We’ve been living in Spain for four months, and here are the things I miss most about the US.
Note: This list doesn’t include people because I miss some people more than most of this list.
So, in no particular order, here is a list of my actual first-world problems.
1. Peanut butter
I miss peanut butter. Europe, in general, has been seduced by Nutella, which I don’t fully understand but that’s okay.
In the US, I didn’t even eat peanut butter that often. But I found it comforting that if I wanted some peanut butter, I could go to the store and buy some. I don’t have that comfort here. For example, right now, writing this silly blog post, having peanut butter would really be great.
It’s not helping that my wife, now in her routine of studying for her MBA, sometimes brings up peanut butter.
Me: Hey, it’s super nice out. Want to go to the park?
Wife: You know what I really miss back in the US?
Wife: Peanut butter.
The other day I was looking at some Spanish textbooks online, and even Amazon is messing with me:
Wendy is the name we gave to our Honda Fit, our first car, which we sold before moving to Spain. We had great adventures with Wendy, such as this time we narrowly avoided death on the way to Tahoe. Isn’t she a beauty?
She’s named Wendy because the first place we ever went in Wendy was to Wendy’s.
Pro-tip: don’t buy a car new if you’re going to have to sell it soon.
Also, it’s okay. Dip those fries in that frosty.
4. Drying machine
We have a laundry machine here and I love it. While it’s smaller than the industrial-sized laundry machines of the US, if I’m clever I can fit four shirts into one load. I’ve also noticed that one load of laundry takes about five hours.
This could be our fault. The machine has buttons that we don’t fully understand (see #7, below), but we did figure out how to add detergent and how to turn it on. I’m not 100% sure, but it seems to spin whenever the wind blows, which I’m guessing is some sort of new green technology.
Anyways, the bad news is we don’t have a drying machine. We have to hang wet clothes on a clothesline. I know this is better for the clothes, yadda yadda, they’ll wear out less. And who doesn’t love a fresh, sun-dried shirt or blanket?
My main issue isn’t that hanging clothes on a clothesline is a lot of work. It’s that about 40% of the time, it rains within a few hours after hanging clothes on the clothesline.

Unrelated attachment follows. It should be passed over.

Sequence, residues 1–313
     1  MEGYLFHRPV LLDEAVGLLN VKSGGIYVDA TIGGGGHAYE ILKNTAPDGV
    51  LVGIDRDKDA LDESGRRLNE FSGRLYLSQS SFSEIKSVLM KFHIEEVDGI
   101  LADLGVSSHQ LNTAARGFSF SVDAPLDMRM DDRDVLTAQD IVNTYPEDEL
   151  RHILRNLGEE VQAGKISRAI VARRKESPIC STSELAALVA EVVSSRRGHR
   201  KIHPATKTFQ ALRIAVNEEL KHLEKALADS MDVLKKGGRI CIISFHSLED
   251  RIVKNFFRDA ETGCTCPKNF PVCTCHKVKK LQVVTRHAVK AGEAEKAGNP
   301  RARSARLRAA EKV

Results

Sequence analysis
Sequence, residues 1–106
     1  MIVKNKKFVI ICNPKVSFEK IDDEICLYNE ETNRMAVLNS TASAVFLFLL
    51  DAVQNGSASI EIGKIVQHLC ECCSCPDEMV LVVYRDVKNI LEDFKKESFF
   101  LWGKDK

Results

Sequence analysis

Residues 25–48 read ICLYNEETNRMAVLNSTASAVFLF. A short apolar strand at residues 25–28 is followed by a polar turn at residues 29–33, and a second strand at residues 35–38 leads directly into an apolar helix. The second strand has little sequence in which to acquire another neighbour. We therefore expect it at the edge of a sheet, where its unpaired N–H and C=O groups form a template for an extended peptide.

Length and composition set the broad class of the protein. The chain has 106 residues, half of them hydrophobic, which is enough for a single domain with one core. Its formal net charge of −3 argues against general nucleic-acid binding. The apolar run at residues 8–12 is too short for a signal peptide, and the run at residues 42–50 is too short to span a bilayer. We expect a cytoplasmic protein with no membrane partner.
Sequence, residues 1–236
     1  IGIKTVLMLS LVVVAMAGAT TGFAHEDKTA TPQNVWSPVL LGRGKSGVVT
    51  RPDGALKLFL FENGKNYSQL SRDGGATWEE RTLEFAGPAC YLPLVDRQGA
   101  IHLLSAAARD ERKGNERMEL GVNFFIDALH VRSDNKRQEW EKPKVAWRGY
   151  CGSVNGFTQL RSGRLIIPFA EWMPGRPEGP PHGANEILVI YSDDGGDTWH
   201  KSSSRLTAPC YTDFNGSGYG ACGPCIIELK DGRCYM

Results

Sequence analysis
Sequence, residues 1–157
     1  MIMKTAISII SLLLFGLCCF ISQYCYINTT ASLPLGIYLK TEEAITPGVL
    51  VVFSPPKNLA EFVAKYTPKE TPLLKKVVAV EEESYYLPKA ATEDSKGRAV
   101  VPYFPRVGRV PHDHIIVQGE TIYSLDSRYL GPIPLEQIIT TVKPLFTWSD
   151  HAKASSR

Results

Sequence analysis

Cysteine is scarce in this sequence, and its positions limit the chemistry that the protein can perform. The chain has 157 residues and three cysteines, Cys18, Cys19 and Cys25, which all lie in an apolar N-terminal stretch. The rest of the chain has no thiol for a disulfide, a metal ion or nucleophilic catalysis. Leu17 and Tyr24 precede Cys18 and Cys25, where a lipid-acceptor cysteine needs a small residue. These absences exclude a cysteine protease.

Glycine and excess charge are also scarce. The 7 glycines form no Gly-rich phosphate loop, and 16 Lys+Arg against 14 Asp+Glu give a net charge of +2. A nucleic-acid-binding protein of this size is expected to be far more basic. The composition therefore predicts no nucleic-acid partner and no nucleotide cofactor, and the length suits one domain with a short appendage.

5. Garbage disposal
I like to do the dishes in the morning. I find it to be a relaxing, mindless activity that I can do while I’m waking up and waiting for the coffee to boil.
I used to be happy when I got to the bottom of the pile of dishes. Job well done, time for some coffee! But now, when that happens, our drain catcher (or whatever the hell you call this thing) greets me, full of soggy, half-eaten bits of food and scraps, and I have to clean it with my hands.
Every time that happens I miss garbage disposals, even though I’m still scared of them.
6. Air conditioning
While looking for apartments, we made a list of pros/cons of each place. The “con” of the one we chose was the lack of air conditioning.
We moved into the place in July. We couldn’t sleep our first night, it was so hot. The next day we bought a few fans. They helped a bit, but I would woke up with eyes so dry I would instantly start tearing up.
In the middle of August we decided to buy a portable air conditioning unit (this one, which I do recommend if you’re in a sweaty spot). We named her Eve, after Eve from the movie Wall-E. (Do you name your things too? Or is this a weird thing we do?),
Eve is loud and fat and shiny, and can keep one room as cool as the other side of the pillow.
7. Understanding buttons on appliances
We understand maybe 50% of the buttons on our appliances (our place came furnished). Operating them effectively has been tricky. Good news is that we haven’t broken anything or accidentally set fire to anything. Yet.
Let’s look at the oven- I think we’ve got most of the left buttons down (heat the top, heat the bottom, start a fire at the bottom, etc), but what’s going on here?
And the laundry machine? Like I said, we can turn it on and add detergent. Our clothes seem to smell okay mostly.
These are the things I miss in America. But what I really miss is this.